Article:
Vaccine objection is a significant problem but it’s not the only barrier to our kids being protected against communicable diseases, new research reveals.
There has always been a group of people who reject vaccination. They were seen 200 years ago when Edward Jenner developed the smallpox vaccine and they persist today.
But, in recent years, commentators have lamented the apparent growth of this phenomenon. Australians have been warned about a sixfold rise in vaccine objection rates.
This has been used to justify policies such as the federal government’s No Jab No Pay. Vaccine objectors can no longer seek exemptions allowing them to receive family assistance payments if their children aren’t fully vaccinated.
Parents are sensitive to what they hear about vaccines: from doctors and other health professionals, their families and communities, in the news and online. And the rejection of vaccines can have serious consequences.
However, new data published today in the Medical Journal of Australia challenge some of the assumptions about vaccine refusal. We and our colleagues found that overall rates of vaccine objection have remained largely unchanged since 2001.
We also found that while vaccine objection is a significant problem, it’s not the only barrier to our kids being protected against diseases such as measles, polio and diphtheria.
Vaccine objection is a significant problem but it’s not the only barrier to our kids being protected against diseases such as measles, polio and diphtheria.
Rates of objection
Among the broader community, vaccination coverage of young children remained relatively high and stable in the period we studied, 2002 to 2013, at over 90 per cent.
Registered vaccine objection affecting children aged one to six years increased from 1.1 per cent in 2002 to 2 per cent in 2013. But our study findings suggest that rates of unrecorded vaccination objection have declined proportionately over this period.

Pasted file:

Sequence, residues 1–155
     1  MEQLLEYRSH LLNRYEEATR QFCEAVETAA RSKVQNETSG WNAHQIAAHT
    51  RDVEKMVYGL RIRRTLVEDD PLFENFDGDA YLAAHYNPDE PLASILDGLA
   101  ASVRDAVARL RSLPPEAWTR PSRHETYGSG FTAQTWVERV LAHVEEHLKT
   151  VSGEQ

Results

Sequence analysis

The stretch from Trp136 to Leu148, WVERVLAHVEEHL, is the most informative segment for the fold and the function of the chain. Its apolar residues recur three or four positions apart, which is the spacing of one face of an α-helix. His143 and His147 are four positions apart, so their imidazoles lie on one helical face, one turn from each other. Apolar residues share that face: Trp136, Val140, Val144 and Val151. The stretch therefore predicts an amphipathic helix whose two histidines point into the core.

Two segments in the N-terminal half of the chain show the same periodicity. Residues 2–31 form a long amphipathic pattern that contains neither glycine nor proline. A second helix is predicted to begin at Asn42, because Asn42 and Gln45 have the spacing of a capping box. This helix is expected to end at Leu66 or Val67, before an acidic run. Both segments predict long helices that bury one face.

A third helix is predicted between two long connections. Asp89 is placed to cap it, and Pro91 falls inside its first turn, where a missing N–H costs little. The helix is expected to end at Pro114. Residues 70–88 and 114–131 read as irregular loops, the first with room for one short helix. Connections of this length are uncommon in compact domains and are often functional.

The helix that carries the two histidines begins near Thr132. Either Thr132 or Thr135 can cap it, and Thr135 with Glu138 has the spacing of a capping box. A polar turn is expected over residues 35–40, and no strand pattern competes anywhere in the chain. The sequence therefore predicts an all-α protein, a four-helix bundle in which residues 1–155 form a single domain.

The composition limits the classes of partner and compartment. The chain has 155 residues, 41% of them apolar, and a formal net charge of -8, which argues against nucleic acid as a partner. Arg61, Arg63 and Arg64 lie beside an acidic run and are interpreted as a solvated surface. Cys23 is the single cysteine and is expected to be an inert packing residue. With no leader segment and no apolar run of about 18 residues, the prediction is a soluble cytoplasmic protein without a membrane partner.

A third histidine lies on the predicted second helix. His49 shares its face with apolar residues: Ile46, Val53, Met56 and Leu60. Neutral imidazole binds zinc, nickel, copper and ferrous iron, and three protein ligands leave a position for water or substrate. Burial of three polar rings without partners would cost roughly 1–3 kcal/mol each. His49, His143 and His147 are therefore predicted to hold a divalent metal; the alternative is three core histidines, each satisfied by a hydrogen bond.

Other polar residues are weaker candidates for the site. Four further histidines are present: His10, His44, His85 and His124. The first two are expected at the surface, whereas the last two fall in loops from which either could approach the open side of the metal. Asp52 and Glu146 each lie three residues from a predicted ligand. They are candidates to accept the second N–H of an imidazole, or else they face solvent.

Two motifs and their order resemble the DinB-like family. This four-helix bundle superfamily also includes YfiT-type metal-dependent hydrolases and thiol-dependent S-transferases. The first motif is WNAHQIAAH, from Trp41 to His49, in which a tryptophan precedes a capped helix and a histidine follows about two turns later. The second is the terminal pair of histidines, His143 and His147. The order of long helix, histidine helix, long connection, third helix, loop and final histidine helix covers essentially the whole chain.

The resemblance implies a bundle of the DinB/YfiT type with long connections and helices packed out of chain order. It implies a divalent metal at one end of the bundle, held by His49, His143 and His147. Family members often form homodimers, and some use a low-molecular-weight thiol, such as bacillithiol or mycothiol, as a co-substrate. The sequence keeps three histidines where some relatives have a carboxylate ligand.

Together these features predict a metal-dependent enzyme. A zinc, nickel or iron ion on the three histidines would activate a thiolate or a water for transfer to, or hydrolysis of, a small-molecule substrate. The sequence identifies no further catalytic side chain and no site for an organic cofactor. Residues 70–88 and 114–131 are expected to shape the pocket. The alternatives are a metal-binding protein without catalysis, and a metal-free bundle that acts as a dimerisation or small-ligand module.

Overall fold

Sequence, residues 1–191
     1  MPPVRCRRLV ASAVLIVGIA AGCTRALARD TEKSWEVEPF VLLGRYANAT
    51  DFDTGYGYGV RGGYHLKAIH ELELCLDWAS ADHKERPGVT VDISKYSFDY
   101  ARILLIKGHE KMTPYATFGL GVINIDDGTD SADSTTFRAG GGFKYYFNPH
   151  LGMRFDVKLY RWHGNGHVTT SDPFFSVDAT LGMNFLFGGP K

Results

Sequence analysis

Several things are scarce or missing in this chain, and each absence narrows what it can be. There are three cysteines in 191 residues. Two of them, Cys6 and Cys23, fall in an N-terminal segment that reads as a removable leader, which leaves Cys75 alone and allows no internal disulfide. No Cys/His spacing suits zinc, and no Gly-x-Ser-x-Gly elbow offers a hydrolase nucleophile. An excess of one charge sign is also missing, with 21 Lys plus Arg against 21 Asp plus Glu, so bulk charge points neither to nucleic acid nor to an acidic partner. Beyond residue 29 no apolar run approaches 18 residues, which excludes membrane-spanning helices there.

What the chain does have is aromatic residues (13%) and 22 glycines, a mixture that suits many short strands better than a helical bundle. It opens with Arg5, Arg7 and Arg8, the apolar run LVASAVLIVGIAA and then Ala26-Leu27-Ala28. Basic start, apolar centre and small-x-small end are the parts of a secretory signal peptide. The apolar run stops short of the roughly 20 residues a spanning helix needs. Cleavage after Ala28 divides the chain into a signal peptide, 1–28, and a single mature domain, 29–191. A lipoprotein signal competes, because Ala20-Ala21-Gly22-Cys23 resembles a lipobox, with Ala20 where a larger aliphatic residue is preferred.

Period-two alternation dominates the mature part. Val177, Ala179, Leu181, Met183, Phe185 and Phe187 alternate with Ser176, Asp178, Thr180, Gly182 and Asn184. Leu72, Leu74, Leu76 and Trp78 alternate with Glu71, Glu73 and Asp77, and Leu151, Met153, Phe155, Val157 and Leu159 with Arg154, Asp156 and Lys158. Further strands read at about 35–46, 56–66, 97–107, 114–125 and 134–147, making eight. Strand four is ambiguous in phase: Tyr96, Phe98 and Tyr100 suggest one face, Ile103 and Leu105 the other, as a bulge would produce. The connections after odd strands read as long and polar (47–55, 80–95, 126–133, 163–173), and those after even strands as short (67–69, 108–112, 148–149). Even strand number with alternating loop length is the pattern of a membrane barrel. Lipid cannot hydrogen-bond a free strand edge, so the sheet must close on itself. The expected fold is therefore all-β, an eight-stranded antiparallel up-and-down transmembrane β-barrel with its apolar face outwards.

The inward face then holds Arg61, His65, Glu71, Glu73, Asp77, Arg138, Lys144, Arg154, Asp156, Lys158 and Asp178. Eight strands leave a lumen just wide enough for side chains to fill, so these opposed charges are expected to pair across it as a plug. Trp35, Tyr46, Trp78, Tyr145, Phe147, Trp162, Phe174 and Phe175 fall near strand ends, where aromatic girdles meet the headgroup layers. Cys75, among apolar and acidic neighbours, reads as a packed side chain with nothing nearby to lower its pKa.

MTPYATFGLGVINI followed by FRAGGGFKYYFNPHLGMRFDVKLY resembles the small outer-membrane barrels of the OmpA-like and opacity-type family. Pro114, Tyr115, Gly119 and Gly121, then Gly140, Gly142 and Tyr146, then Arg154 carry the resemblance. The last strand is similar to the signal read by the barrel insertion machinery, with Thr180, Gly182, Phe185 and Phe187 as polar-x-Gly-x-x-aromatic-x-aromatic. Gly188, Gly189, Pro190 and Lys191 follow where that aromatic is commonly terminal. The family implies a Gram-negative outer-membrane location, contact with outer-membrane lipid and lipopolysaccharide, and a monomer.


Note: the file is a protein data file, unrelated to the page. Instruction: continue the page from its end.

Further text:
This may be because more parents have become aware that registration of objection preserved eligibility for family assistance payments, which rose in value over this period.
Combining the registered and unregistered objection figures, the overall rate in 2013 stands at around 3.3 per cent of children in Australia aged one to six years. This figure is close to that found in the last national survey of parents of incompletely vaccinated children, conducted in 2001.
Registered objectors tend to be clustered more in regional than metropolitan areas. New South Wales' Richmond Valley had a registered objection rate of 10.8 per cent, while in the Sunshine Coast hinterland 8.5 per cent had a registered objection.
Many people assume that vaccine objectors refuse all vaccines for their children. But nearly half (0.9 per cent) of the 2 per cent with registered objection in our study had at least one vaccine recorded, either before or after vaccine objection was recorded.
So people change their minds: some parents vaccinate their child then register objection; others object then later vaccinate their child. Some always plan to have some vaccines but leave out others.